Rain fails to dampen Noosa Food and Wine 2019
BIG crowds, celebrity chefs, muddy shoes and 113 fabulous events - Noosa Food and Wine 2019 is being hailed a 'great success'.
"The wet weather didn't dampen the enthusiasm of locals and visitors,” Tourism Noosa CEO Steve McPharlin said yesterday.
He said more than 9000 visitors attended festival events held at restaurants and venues around the region.
The Festival Village, in Noosa's Lions Park, was a little worse for wear after heavy rain and big crowds resulted in a virtual mud bath.
Gumboots - or no shoes at all - were the order of the day by Sunday afternoon.
"We are disappointed by the damage to the Lions Park, due to the high rainfall on the Saturday evening,” Mr McPharlin said.
However, he said organisers would work with Noosa Council "to restore the park at the event's expense and to return the park back to its usual condition”.
A focus this year was introducing new events into the program and building on the festival's sustainability practices from last year.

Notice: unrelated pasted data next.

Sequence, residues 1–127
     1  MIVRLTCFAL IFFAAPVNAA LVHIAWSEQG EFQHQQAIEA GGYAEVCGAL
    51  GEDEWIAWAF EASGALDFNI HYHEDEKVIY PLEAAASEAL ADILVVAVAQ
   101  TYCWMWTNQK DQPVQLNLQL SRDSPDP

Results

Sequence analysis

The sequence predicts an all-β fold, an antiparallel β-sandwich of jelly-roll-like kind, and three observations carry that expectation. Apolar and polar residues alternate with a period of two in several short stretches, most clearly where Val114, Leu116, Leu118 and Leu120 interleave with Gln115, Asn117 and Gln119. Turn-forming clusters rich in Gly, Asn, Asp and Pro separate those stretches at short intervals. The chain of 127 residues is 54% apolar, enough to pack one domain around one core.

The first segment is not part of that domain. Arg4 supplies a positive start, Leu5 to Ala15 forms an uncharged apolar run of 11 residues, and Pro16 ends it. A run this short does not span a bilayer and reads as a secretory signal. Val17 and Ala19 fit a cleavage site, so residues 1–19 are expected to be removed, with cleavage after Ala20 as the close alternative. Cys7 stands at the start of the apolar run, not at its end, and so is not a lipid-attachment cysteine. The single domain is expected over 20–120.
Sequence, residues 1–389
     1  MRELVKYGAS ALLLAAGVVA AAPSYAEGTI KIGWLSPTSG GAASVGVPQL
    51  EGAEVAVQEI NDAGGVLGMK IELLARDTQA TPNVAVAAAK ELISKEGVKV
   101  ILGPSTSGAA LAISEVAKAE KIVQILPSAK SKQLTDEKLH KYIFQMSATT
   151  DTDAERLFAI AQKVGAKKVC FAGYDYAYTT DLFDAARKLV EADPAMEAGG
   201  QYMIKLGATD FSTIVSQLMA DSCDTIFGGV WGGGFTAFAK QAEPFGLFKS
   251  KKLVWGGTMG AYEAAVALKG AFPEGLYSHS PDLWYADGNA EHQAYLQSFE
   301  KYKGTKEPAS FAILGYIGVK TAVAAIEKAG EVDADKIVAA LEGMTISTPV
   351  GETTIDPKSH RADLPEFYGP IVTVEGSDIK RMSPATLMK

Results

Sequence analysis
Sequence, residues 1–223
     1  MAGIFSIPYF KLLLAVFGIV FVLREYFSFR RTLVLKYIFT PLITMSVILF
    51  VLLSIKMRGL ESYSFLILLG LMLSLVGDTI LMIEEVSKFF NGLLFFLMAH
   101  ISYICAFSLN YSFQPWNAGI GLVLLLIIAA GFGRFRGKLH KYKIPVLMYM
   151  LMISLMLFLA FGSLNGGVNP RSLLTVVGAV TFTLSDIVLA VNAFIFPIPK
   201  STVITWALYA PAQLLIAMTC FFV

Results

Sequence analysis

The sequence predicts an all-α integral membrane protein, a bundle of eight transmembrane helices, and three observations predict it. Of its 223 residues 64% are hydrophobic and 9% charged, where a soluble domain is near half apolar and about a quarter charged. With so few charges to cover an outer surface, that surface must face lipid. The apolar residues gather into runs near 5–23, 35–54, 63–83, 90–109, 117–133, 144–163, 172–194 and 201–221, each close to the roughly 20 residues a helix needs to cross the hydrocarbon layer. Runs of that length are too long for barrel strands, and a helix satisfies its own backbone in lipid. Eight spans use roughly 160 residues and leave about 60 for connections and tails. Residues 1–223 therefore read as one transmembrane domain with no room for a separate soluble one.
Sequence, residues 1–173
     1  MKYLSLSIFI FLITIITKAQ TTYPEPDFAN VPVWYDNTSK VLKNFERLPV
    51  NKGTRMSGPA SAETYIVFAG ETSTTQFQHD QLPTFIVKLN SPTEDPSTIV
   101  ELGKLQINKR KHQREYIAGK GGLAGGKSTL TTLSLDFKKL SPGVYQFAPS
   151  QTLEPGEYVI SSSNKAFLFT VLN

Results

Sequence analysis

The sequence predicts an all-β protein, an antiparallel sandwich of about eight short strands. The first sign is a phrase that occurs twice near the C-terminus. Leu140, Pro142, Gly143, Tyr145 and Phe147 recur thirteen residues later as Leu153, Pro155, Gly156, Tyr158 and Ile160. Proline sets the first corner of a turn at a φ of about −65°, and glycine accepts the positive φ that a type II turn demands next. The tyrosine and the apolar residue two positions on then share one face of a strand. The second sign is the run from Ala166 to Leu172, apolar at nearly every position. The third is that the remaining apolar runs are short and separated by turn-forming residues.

"The festival partnered with Plastic Free Noosa to continue to eliminate single-use plastics, reduce plastic waste, implement composting and help educate patrons to deliver as sustainable a festival as possible,” Mr McPharlin said.
"We also had a team of Waste Warriors at the festival assisting visitors with how best to dispose their waste at the various waste bins.”
The festival also partnered with OzHarvest, working with local Ambassador Cameron Matthews who created a menu based on 100% surplus from the festival for Monday's Industry Day brunch.
"The industry day is new for the Festival and is designed to give back to our local tourism industry,” Mr McPharlin said.
"We have all this amazing talent from across Australia in town for the festival so it was a perfect opportunity to get them connected with our local industry and we have a range of educational sessions taking place,” said Mr McPharlin.
On Monday morning, organisers hosted brunch that used leftover produce to further reduce their waste and environmental impact.
"All the surplus from the festival (was turned) into a brunch,” festival director Sheridah Puttick said.
"We need to support local producers.”